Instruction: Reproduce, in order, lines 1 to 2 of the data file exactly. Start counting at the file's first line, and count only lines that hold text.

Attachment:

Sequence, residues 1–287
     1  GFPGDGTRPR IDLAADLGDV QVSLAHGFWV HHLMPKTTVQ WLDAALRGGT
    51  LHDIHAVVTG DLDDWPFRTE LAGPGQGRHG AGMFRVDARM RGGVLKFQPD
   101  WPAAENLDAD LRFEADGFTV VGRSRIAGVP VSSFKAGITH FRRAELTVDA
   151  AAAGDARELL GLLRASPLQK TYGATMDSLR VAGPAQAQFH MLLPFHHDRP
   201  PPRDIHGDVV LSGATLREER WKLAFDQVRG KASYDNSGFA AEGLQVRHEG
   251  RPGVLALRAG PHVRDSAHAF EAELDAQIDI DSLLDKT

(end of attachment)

Sequence, residues 1–287
     1  GFPGDGTRPR IDLAADLGDV QVSLAHGFWV HHLMPKTTVQ WLDAALRGGT